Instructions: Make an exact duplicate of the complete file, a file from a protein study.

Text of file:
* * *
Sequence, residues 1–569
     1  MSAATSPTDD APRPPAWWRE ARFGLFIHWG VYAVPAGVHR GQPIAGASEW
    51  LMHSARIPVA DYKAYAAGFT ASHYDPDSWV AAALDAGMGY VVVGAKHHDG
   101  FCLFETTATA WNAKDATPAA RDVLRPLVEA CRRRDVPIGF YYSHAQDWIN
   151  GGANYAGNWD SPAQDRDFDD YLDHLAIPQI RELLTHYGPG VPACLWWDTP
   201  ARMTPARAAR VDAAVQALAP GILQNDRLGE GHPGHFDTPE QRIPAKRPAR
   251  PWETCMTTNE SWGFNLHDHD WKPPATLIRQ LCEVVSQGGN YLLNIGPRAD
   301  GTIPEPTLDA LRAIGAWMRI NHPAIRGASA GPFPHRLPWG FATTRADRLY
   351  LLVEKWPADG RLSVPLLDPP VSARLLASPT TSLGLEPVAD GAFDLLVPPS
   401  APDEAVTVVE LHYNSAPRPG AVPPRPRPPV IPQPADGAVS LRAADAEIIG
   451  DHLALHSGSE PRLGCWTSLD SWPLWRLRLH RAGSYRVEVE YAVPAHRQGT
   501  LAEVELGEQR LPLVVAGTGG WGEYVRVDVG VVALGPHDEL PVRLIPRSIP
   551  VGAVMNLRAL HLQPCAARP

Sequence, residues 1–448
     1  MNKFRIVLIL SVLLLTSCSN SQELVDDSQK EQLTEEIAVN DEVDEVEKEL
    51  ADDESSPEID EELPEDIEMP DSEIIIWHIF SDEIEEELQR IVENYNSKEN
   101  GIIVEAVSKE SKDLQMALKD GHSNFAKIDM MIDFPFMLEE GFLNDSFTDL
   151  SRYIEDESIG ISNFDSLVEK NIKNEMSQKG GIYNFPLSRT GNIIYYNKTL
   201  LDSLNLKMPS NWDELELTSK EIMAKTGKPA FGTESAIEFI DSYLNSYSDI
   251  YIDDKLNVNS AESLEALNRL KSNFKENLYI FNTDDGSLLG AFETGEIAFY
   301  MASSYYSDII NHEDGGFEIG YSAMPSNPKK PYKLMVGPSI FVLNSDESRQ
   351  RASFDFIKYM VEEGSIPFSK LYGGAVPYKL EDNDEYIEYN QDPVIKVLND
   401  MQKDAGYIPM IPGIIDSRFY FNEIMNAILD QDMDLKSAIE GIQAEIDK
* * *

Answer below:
Sequence, residues 1–569
     1  MSAATSPTDD APRPPAWWRE ARFGLFIHWG VYAVPAGVHR GQPIAGASEW
    51  LMHSARIPVA DYKAYAAGFT ASHYDPDSWV AAALDAGMGY VVVGAKHHDG
   101  FCLFETTATA WNAKDATPAA RDVLRPLVEA CRRRDVPIGF YYSHAQDWIN
   151  GGANYAGNWD SPAQDRDFDD YLDHLAIPQI RELLTHYGPG VPACLWWDTP
   201  ARMTPARAAR VDAAVQALAP GILQNDRLGE GHPGHFDTPE QRIPAKRPAR
   251  PWETCMTTNE SWGFNLHDHD WKPPATLIRQ LCEVVSQGGN YLLNIGPRAD
   301  GTIPEPTLDA LRAIGAWMRI NHPAIRGASA GPFPHRLPWG FATTRADRLY
   351  LLVEKWPADG RLSVPLLDPP VSARLLASPT TSLGLEPVAD GAFDLLVPPS
   401  APDEAVTVVE LHYNSAPRPG AVPPRPRPPV IPQPADGAVS LRAADAEIIG
   451  DHLALHSGSE PRLGCWTSLD SWPLWRLRLH RAGSYRVEVE YAVPAHRQGT
   501  LAEVELGEQR LPLVVAGTGG WGEYVRVDVG VVALGPHDEL PVRLIPRSIP
   551  VGAVMNLRAL HLQPCAARP

Sequence, residues 1–448
     1  MNKFRIVLIL SVLLLTSCSN SQELVDDSQK EQLTEEIAVN DEVDEVEKEL
    51  ADDESSPEID EELPEDIEMP DSEIIIWHIF SDEIEEELQR IVENYNSKEN
   101  GIIVEAVSKE SKDLQMALKD GHSNFAKIDM MIDFPFMLEE GFLNDSFTDL
   151  SRYIEDESIG ISNFDSLVEK NIKNEMSQKG GIYNFPLSRT GNIIYYNKTL
   201  LDSLNLKMPS NWDELELTSK EIMAKTGKPA FGTESAIEFI DSYLNSYSDI
   251  YIDDKLNVNS AESLEALNRL KSNFKENLYI FNTDDGSLLG AFETGEIAFY
   301  MASSYYSDII NHEDGGFEIG YSAMPSNPKK PYKLMVGPSI FVLNSDESRQ
   351  RASFDFIKYM VEEGSIPFSK LYGGAVPYKL EDNDEYIEYN QDPVIKVLND
   401  MQKDAGYIPM IPGIIDSRFY FNEIMNAILD QDMDLKSAIE GIQAEIDK